Research interests - Dr. David Stirling
The consequence of spinal cord injury (SCI) is devastating with paralysis a common outcome. In addition to the immeasurable loss to the patient, the cost of SCI to society is huge, taking into account factors such as family impact, the lost productivity of the subject, and hospitalization and rehabilitation demands. Lessening the neurologic deficits that ensue from SCI, or promoting neural regeneration post-insult, are clearly highly desired outcomes.
It is recognized that immediately after SCI, there is primary injury that represents disruption of myelin and axons at the point and moment of impact. Over hours to weeks, however, the loss of myelin and axons (the CNS’s wiring that provides efficient transmission of signals and allows us to move and sense within our environment) continues and, indeed, becomes more extensive than the initial injury; this progressive atrophy is referred to as secondary degeneration and is contributed by mechanisms such as the production of free radicals, excitotoxicity and neuroinflammation. Reducing myelin and axonal degeneration after SCI has gained increasing prominence with the appreciation that sparing of as little as 5-10% of central myelinated fibers in the injured spinal cord is sufficient to support some locomotor function below the level of injury.
The inflammatory response that soon ensues after CNS injury is arguably one of the most controversial areas of SCI research as studies have provided both protective and detrimental effects from targeting key effector molecules and cells. Adding to this complexity is the lack of cell specific markers to distinguish between resident CNS macrophage populations (e.g. microglia) and blood-derived macrophages recruited to the injury site. Furthermore, as demonstrated in other models of inflammation, macrophages can become polarized to respond as pro- or anti-inflammatory cells. Thus anti-inflammatory treatments that globally target the macrophage response may be counterintuitive as they will likely hinder important spinal cord wound healing or repair processes mediated by subsets of these cells.
Microglia, key players in the immune response to CNS infection, injury, and disease, are the first responders to SCI and their activation precedes recruitment of blood-derived immune cells (neutrophils and monocytes). Their activation profile also correlates temporally and spatially with ongoing loss of central myelinated fibers. However, what remains to be determined is whether microglia activation and subsequent release of potential neurotoxic molecules, directly cause damage to myelin and axons or protect them after SCI. Although cell culture experiments clearly provide evidence to support a role for microglia in inducing axon/dendrite degeneration, very little is known about how these cells respond to SCI in living tissue. Indeed, the precise molecular cues that activate microglia, attract them to sites of injury, stimulate the release of potential toxic molecules or protective molecules are processes that are poorly understood.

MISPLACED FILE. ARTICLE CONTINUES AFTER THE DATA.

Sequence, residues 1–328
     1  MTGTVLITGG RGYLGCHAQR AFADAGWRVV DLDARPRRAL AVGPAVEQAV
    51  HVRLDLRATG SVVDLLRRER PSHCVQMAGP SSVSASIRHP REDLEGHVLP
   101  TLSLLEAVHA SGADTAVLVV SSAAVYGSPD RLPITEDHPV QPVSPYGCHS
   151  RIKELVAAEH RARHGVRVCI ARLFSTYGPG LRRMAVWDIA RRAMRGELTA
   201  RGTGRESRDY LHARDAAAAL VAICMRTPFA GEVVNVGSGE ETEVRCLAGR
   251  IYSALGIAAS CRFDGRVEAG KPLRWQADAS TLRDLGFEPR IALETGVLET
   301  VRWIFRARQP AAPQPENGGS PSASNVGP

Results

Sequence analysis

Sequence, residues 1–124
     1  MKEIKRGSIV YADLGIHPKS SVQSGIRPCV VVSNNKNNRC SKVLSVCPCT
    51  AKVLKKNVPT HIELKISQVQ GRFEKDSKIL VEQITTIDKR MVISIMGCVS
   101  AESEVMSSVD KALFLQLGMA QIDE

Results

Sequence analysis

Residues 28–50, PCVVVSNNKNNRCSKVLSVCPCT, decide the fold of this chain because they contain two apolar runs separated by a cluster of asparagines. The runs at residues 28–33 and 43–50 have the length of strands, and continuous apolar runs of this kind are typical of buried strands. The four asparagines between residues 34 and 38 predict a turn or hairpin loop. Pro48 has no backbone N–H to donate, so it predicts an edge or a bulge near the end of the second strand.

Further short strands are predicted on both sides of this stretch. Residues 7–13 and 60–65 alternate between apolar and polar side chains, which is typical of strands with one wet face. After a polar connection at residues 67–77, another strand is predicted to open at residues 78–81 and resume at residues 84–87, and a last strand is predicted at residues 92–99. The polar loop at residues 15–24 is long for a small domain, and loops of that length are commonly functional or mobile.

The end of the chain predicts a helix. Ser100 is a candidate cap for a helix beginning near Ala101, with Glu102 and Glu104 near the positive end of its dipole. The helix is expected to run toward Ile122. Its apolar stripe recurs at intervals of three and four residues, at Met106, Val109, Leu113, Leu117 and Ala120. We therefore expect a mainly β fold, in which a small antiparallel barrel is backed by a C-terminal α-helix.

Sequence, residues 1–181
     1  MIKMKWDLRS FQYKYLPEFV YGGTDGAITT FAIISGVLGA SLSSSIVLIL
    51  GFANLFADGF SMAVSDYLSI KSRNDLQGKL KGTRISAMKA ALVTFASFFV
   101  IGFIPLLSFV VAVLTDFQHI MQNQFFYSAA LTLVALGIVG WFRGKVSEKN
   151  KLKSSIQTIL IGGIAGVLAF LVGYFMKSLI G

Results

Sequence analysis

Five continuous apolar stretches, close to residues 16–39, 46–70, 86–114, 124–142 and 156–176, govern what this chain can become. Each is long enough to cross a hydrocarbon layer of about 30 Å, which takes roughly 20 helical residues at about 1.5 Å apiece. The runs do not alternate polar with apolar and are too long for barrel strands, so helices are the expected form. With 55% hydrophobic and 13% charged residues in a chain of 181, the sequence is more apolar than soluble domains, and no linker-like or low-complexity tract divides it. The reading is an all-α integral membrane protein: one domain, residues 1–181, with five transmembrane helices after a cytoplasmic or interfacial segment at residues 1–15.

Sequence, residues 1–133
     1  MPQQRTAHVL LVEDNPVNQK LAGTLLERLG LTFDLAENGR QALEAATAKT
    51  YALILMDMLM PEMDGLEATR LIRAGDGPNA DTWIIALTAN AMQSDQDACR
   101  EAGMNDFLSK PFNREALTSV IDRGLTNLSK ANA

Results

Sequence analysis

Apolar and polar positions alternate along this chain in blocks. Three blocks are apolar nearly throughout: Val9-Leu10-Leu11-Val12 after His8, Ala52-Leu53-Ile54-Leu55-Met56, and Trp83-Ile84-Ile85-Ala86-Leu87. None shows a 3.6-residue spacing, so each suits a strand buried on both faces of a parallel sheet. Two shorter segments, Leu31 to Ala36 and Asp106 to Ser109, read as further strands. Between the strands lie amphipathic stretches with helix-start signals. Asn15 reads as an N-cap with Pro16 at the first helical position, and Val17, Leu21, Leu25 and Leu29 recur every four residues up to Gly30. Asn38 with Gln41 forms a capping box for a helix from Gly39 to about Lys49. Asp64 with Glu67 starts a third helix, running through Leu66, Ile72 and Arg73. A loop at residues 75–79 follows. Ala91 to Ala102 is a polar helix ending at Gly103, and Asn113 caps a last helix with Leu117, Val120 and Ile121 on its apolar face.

To shed “light” on this complex interplay between neuroinflammation and secondary central myelinated fiber degeneration, we utilize advanced optical imaging systems such as two-photon spectral microscopy to differentiate, observe, quantify, and probe subpopulations of immune cells as they respond to SCI. This “intravital window” allows us to document immune cell interactions simultaneously with ongoing myelinated fiber degeneration as these dynamic processes are occurring in real time in the injured spinal cord setting. It is hoped that the information gathered from these basic science studies will unveil novel therapeutic targets to modulate the immune response following SCI and tip the balance from a destructive to a reparative response following human SCI.